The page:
You want to do create a string from variables.


The two common ways of creating strings from variables are the paste function and the sprintf function. paste is more useful for vectors, and sprintf is more useful for precise control of the output.

Using paste()

a <- "apple"
b <- "banana"

# Put a and b together, with a space in between:
paste(a, b)
#> [1] "apple banana"

# With no space, use sep="", or use paste0():
paste(a, b, sep="")
#> [1] "applebanana"
paste0(a, b)
#> [1] "applebanana"

# With a comma and space:
paste(a, b, sep=", ")
#> [1] "apple, banana"

# With a vector
d <- c("fig", "grapefruit", "honeydew")

# If the input is a vector, use collapse to put the elements together:
paste(d, collapse=", ")
#> [1] "fig, grapefruit, honeydew"

# If the input is a scalar and a vector, it puts the scalar with each
# element of the vector, and returns a vector:
paste(a, d)
#> [1] "apple fig"        "apple grapefruit" "apple honeydew"

# Use sep and collapse:
paste(a, d, sep="-", collapse=", ")
#> [1] "apple-fig, apple-grapefruit, apple-honeydew"

Using sprintf()

Another way is to use sprintf function. This is derived from the function of the same name in the C programming language.

To substitute in a string or string variable, use %s:

a <- "string"
sprintf("This is where a %s goes.", a)
#> [1] "This is where a string goes."

For integers, use %d or a variant:

x <- 8
sprintf("Regular:%d", x)
#> [1] "Regular:8"

# Can print to take some number of characters, leading with spaces.
sprintf("Leading spaces:%4d", x)
#> [1] "Leading spaces:   8"

# Can also lead with zeros instead.
sprintf("Leading zeros:%04d", x)
#> [1] "Leading zeros:0008"

For floating-point numbers, use %f for standard notation, and %e or %E for exponential notation. You can also use %g or %G for a “smart” formatter that automatically switches between the two formats, depending on where the significant digits are. The following examples are taken from the R help page for sprintf:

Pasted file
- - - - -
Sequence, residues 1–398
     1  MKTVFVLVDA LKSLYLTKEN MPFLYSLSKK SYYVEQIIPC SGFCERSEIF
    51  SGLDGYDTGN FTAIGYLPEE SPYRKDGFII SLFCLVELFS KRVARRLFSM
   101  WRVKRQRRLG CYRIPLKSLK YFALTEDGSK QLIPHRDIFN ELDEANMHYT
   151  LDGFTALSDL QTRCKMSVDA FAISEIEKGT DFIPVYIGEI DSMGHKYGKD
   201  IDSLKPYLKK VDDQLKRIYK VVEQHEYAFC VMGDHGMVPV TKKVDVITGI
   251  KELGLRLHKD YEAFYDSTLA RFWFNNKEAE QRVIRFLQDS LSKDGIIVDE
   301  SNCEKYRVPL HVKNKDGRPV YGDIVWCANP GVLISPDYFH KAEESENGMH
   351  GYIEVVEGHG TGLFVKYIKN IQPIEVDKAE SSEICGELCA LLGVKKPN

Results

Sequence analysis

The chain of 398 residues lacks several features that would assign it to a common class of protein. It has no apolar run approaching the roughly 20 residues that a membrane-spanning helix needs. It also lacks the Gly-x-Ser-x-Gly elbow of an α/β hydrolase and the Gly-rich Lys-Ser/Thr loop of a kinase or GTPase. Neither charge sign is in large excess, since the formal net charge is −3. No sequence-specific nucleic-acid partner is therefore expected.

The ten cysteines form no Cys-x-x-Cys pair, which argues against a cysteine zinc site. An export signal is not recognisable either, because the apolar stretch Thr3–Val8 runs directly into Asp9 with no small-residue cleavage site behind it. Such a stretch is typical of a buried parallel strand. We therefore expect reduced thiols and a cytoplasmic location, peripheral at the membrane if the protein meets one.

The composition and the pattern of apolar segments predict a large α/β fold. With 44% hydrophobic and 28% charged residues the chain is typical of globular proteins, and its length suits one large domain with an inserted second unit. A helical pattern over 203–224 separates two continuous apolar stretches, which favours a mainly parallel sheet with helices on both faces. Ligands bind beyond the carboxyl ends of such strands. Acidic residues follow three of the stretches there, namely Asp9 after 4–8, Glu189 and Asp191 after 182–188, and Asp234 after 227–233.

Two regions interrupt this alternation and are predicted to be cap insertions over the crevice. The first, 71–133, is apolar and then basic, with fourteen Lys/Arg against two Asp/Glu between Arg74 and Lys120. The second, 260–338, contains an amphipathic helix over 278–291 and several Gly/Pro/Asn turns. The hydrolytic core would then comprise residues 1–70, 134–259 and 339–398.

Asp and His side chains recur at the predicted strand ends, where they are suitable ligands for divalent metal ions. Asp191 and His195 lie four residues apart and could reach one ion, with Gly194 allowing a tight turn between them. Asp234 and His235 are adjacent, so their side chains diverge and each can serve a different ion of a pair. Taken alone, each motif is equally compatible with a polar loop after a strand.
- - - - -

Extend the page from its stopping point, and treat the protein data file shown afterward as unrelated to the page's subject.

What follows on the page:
sprintf("%f", pi)         # "3.141593"
sprintf("%.3f", pi)       # "3.142"
sprintf("%1.0f", pi)      # "3"
sprintf("%5.1f", pi)      # "  3.1"
sprintf("%05.1f", pi)     # "003.1"
sprintf("%+f", pi)        # "+3.141593"
sprintf("% f", pi)        # " 3.141593"
sprintf("%-10f", pi)      # "3.141593  "   (left justified)
sprintf("%e", pi)         #"3.141593e+00"
sprintf("%E", pi)         # "3.141593E+00"
sprintf("%g", pi)         # "3.14159"
sprintf("%g",   1e6 * pi) # "3.14159e+06"  (exponential)
sprintf("%.9g", 1e6 * pi) # "3141592.65"   ("fixed")
sprintf("%G", 1e-6 * pi)  # "3.14159E-06"

In the format specification: The m represents the field width, which is the minimum number of characters in the output string, and can be padded with leading spaces, or zeros if there is a zero in front of m. The n represents precision, which the number of digits after the decimal.

Other miscellaneous things:

x <- "string"
sprintf("Substitute in multiple strings: %s %s", x, "string2")
#> [1] "Substitute in multiple strings: string string2"

# To print a percent sign, use "%%"
sprintf("A single percent sign here %%")
#> [1] "A single percent sign here %"


See this page for more information about output in scripts.